The first book to help real-time and embedded systems programmers leverage the powerful technique of design patterns.
° Applying a proven object technology concept to the unique, specialized area of realtime and embedded systems development
° Practical and applicable -- helps reader apply proven solutions to recurring design challenges
° The latest from Bruce Powel Douglass, a noted expert on real-time development
Click below for Sample Chapter(s) related to this title:
Sample Chapter 6
(NOTE: Each chapter, except Chapter 9, concludes with References.)
I. DESIGN PATTERN BASICS.1. Introduction.
Basic Modeling Concepts of the UML.
Structural Elements and Diagrams.
Small Things: Objects, Classes and Interfaces.
Big Things: Subsystems, Components, and Packages.
Behavioral Elements and Diagrams.
Actions and Activities.
Operations and Methods.
Use Case and Requirements Models.
Capturing Black-Box Behavior without Revealing Internal Structure.
What is a Design Pattern?2. Architecture and the UML.
Logical and Physical Architecture.
The Five Views of Architecture.
Subsystem and Component View.
Concurrency and Resource View
Safety and Reliability View.
Alphabet Soup: CORBA, UML and MDA Basics.
MDA to the Rescue.
Creating Architecture Elements—the Model Level.
Subsystem and Component View.
Concurrency and Resource View.
Safety and Reliability View.
Deployment View.3. The Role of Design Patterns.
The ROPES Development Process.
ROPES Process Overview.
The ROPES Microcycle in Detail.
Analysis with the ROPES Process.
Design with the ROPES Process.
Design Pattern Basics.
What is a Design Pattern?
Basic Structure of Design Patterns.
How to Read Design Patterns in this Book.
Using Design Patterns in Development.
Pattern Hatching—Locating the Right Patterns.
Pattern Mining—Rolling your own Patterns.
Pattern Instantiation—Applying Patterns in Your Designs.
II. ARCHITECTURAL DESIGN PATTERNS.4. Subsystem and Component Architectural Patterns.
5-Layer Architecture Pattern.
Microkernel Architecture Pattern.
Channel Architecture Pattern.
Recursive Containment Pattern.
Hierarchical Control Pattern.
Virtual Machine Pattern.
ROOM Pattern.5. Concurrency Patterns.
Message Queuing Pattern.
Guarded Call Pattern.
Cyclic Executive Pattern.
Round Robin Pattern.
Static Priority Pattern.
Dynamic Priority Pattern.6. Memory Patterns.
Memory Management Patterns.
Static Allocation Pattern.
Pool Allocation Pattern.
Fixed-Sized Buffer Pattern.
Smart Pointer Pattern.
Garbage Collection Pattern.
Garbage Compactor Pattern.7. Resource Patterns.
Critical Section Pattern.
Priority Inheritance Pattern.
Highest Locker Pattern.
Priority Ceiling Pattern.
Simultaneous Locking Pattern.
Ordered Locking Pattern.8. Distribution Patterns.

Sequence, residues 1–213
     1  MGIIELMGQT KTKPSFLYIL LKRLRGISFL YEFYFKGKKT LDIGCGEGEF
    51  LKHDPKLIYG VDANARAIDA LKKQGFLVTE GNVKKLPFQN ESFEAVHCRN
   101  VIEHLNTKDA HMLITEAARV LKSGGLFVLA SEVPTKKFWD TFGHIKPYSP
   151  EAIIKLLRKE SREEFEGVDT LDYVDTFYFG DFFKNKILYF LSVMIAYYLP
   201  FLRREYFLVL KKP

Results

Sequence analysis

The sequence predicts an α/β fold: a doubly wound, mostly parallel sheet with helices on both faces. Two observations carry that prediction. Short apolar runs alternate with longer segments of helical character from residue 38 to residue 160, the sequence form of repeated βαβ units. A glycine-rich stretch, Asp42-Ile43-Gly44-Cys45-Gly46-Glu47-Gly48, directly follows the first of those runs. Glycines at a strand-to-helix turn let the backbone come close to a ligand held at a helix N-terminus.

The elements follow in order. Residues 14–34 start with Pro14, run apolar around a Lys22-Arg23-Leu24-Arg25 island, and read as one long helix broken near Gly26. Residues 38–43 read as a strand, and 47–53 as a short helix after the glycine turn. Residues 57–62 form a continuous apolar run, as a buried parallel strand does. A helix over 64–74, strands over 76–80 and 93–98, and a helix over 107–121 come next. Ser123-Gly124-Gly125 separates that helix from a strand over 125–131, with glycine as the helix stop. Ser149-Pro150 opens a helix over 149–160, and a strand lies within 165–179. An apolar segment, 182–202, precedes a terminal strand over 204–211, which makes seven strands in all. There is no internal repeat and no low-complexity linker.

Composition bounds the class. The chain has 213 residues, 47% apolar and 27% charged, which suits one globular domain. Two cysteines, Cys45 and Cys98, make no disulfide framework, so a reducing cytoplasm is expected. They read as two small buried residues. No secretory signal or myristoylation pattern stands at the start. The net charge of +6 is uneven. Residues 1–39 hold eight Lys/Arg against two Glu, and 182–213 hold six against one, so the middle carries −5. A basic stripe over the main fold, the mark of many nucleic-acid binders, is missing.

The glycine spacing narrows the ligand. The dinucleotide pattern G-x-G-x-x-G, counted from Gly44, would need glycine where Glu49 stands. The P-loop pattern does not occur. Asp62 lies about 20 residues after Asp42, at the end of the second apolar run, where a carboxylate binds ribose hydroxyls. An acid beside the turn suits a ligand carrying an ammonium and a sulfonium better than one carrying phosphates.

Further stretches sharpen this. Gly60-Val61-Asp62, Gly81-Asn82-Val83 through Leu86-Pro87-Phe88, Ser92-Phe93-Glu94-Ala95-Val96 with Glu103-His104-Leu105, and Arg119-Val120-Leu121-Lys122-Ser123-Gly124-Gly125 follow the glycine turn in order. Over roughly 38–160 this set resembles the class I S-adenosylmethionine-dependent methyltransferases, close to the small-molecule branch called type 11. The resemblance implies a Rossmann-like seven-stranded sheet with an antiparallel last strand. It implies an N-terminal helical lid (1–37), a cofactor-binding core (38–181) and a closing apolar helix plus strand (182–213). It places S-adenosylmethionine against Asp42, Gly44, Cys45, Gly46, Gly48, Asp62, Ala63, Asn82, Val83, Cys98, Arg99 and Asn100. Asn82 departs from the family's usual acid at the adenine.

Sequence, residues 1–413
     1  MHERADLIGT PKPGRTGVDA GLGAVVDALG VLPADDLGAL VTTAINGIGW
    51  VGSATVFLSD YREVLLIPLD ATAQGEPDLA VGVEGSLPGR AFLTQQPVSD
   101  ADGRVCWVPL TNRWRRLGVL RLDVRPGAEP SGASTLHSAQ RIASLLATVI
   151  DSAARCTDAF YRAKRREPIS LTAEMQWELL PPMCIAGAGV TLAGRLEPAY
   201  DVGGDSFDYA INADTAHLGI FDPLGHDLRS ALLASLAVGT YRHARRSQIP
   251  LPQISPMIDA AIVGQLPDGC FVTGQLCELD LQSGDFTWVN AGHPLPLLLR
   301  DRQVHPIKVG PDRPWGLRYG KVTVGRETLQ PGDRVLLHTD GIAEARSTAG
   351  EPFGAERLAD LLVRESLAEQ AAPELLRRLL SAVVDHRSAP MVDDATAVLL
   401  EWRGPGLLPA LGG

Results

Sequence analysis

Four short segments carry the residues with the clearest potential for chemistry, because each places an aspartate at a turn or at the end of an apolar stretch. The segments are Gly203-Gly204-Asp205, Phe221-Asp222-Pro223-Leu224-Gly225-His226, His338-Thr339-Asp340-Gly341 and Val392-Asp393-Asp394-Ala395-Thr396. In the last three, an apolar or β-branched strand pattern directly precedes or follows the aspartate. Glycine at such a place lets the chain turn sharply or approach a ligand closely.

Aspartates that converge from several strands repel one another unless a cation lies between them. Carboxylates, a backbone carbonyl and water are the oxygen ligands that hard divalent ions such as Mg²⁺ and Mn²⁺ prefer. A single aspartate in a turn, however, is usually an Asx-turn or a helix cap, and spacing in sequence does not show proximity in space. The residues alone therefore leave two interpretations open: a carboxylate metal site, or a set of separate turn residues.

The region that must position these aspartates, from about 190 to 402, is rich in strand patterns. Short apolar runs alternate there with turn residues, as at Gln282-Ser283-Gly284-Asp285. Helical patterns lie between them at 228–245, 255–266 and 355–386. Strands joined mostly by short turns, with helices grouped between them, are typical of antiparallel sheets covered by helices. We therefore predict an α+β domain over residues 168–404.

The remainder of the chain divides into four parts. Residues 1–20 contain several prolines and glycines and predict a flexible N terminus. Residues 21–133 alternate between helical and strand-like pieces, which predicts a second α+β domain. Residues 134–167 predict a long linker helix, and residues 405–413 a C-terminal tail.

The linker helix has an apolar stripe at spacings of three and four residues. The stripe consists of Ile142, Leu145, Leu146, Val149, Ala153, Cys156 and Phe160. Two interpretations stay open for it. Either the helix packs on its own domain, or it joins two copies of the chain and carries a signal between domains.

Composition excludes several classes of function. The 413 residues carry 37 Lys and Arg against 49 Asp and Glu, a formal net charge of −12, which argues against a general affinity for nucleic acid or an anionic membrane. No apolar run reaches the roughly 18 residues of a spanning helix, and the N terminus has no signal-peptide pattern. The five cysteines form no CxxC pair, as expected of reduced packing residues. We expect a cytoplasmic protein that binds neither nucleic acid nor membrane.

Shared Memory Pattern.
Remote Method Call Pattern.
Data Bus Pattern.
Broker Pattern.9. Safety and Reliability Patterns.
Protected Single Channel Pattern.
Homogeneous Redundancy Pattern.
Triple Modular Redundancy Pattern.
Heterogeneous Redundancy Pattern.
Sanity Check Pattern.
Safety Executive Pattern.Appendix A: Notational Summary.
Real-time and embedded systems ("RTE systems") must execute in a much more constrained environment than "traditional" computer systems, such as desktop and mainframe computers. RTE systems must be highly efficient, optimally utilizing their limited processor and memory resources, and yet must often out-perform systems with significantly more compute power. In addition, many RTE systems have important safety critical and high reliability requirements due to their use in systems such as avionics flight control, nuclear power plant control, life support, medical instrumentation, just to name a few. The creation of RTE systems to meet these functional and quality of service requirements requires highly experienced developers with decades of experience. Yet, over the years, as these developers development of such systems, they see the same kinds of problems recurring over and over - not exactly the same problems, but common threads. The very best developers abstract these problems and their solutions, into generalized approaches that have been consistently effective. These generalized approaches are called design patterns. They are often best applied at the level of the system or software architecture - the sum of design decisions that affect the fundamental organization of the system. Real-Time Design Patterns is an attempt to capture in one place a set of architectural design patterns that are useful in the development of RTE systems.Audience